Allow me to compliment the Secretary-General on his comprehensive report entitled "Implementation of the World Programme of Action concerning Disabled Persons and the United Nations Decade of Disabled Persons". The report gives an objective and highly informative account of the impact of the Decade, the major obstacles we had to contend with and our achievements.
It is apparent that what has been accomplished during the United Nations Decade of Disabled Persons is in fact somewhat paradoxical. On the one hand, it is clear that considerable progress has been made in a number of countries, notably those which are more affluent and have had the material resources to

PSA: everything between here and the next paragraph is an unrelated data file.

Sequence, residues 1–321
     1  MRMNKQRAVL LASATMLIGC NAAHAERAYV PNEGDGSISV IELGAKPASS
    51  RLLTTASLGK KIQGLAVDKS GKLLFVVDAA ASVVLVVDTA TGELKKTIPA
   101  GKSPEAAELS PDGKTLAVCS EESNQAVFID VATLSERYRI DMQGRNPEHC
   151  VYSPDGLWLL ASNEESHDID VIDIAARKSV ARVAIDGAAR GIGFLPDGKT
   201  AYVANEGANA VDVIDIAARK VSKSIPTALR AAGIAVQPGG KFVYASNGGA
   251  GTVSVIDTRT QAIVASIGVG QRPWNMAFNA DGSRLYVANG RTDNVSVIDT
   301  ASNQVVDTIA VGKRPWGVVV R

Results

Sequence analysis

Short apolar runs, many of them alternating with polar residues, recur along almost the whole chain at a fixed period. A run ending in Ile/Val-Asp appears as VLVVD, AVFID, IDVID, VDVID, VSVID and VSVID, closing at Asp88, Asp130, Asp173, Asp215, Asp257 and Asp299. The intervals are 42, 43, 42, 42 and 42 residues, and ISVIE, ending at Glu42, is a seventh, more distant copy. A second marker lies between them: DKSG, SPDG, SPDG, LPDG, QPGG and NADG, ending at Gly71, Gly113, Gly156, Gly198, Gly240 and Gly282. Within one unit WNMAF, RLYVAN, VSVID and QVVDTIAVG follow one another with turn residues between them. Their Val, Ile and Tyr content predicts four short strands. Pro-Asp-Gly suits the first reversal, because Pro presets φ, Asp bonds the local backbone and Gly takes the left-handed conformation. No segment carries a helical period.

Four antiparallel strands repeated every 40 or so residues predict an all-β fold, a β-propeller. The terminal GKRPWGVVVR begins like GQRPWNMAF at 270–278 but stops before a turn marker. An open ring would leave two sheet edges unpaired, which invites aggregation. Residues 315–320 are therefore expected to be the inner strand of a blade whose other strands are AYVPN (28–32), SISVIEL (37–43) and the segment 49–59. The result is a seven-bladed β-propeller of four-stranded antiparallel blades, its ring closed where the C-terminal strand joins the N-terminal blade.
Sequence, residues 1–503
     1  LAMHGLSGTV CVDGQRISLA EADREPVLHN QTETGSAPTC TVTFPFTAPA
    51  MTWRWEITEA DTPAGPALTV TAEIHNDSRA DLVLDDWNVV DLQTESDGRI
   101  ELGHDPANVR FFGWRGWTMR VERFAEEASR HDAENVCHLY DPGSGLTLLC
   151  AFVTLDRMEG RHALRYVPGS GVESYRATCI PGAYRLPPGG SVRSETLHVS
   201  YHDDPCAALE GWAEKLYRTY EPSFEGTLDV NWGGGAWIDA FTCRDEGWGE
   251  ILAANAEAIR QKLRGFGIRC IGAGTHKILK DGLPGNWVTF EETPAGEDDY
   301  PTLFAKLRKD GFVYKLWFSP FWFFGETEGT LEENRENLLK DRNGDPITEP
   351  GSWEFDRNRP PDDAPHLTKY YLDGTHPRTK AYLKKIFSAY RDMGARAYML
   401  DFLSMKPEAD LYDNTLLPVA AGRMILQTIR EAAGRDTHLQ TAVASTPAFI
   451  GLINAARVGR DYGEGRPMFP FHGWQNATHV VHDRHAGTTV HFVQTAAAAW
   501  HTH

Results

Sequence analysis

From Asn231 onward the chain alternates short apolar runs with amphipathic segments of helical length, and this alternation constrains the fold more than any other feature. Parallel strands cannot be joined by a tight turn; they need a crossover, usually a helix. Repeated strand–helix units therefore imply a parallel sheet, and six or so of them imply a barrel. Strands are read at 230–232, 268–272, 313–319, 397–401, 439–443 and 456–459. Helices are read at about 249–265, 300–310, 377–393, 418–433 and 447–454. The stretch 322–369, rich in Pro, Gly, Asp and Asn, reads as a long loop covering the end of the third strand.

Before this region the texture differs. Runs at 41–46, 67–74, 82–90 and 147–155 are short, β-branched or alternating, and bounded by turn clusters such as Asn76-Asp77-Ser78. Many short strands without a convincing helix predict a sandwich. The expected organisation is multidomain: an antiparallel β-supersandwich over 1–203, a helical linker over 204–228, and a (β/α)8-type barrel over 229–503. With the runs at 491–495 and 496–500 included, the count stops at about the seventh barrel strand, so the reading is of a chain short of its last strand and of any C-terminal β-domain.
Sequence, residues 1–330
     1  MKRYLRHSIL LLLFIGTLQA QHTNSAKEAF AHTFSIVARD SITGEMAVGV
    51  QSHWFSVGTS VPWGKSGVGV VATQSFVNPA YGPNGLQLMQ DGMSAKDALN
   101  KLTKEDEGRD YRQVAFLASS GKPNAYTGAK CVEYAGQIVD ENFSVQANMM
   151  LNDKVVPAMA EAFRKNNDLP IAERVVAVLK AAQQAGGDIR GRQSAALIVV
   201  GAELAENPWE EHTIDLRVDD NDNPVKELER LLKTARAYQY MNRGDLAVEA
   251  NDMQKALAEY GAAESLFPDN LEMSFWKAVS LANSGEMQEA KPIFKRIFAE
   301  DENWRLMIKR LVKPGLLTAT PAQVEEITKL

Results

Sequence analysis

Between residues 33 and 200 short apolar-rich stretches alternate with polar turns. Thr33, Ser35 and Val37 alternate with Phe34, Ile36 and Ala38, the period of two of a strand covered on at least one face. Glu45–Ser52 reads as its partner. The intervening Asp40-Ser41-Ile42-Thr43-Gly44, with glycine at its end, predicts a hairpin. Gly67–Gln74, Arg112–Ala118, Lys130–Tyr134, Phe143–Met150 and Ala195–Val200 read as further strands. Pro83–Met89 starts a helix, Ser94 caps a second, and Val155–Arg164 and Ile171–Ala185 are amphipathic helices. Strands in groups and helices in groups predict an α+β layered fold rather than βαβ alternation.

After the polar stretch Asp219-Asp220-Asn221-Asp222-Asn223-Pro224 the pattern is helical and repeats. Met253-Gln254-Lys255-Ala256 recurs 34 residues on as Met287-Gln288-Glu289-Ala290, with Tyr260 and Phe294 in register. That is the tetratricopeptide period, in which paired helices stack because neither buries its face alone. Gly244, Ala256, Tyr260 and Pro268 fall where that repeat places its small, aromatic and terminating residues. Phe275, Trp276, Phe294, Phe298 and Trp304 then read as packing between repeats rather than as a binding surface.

A/47/PV.35 18
(Mrs. Sigurdardottir. Iceland)
take decisive steps towards achieving the goals of the Programme of Action; on
the other hand, it is disturbing to have to admit that the situation in many
parts of the world has deteriorated as far as disabled people are concerned.
As stated in the report of the Secretary-General, there are indications that
the number of disabled persons has increased as a consequence of poverty,
malnutrition, disease and war. During this period the economic and social
situation of many countries has grown worse, which has affected disabled
people in particular. This underlines the fact that disability issues cannot
be viewed in isolation from global political, economic and social issues. It
is a reminder of the moral obligation of affluent societies to support the
developing countries. Furthermore, it highlights the importance of the values